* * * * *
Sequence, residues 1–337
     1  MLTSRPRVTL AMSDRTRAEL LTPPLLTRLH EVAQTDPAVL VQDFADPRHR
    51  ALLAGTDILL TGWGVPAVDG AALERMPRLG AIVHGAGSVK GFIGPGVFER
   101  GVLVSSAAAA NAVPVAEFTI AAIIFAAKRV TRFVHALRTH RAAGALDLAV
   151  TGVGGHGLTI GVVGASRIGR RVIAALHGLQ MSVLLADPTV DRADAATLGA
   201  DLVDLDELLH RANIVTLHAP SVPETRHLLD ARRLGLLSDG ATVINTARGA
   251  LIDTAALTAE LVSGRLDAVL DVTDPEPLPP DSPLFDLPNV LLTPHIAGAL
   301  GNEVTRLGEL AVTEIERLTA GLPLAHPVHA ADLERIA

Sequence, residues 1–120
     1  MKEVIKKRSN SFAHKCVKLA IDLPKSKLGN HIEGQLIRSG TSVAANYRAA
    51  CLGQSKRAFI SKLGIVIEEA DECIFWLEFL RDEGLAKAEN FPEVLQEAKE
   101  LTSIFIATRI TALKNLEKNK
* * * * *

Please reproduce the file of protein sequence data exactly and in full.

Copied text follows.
Sequence, residues 1–337
     1  MLTSRPRVTL AMSDRTRAEL LTPPLLTRLH EVAQTDPAVL VQDFADPRHR
    51  ALLAGTDILL TGWGVPAVDG AALERMPRLG AIVHGAGSVK GFIGPGVFER
   101  GVLVSSAAAA NAVPVAEFTI AAIIFAAKRV TRFVHALRTH RAAGALDLAV
   151  TGVGGHGLTI GVVGASRIGR RVIAALHGLQ MSVLLADPTV DRADAATLGA
   201  DLVDLDELLH RANIVTLHAP SVPETRHLLD ARRLGLLSDG ATVINTARGA
   251  LIDTAALTAE LVSGRLDAVL DVTDPEPLPP DSPLFDLPNV LLTPHIAGAL
   301  GNEVTRLGEL AVTEIERLTA GLPLAHPVHA ADLERIA

Sequence, residues 1–120
     1  MKEVIKKRSN SFAHKCVKLA IDLPKSKLGN HIEGQLIRSG TSVAANYRAA
    51  CLGQSKRAFI SKLGIVIEEA DECIFWLEFL RDEGLAKAEN FPEVLQEAKE
   101  LTSIFIATRI TALKNLEKNK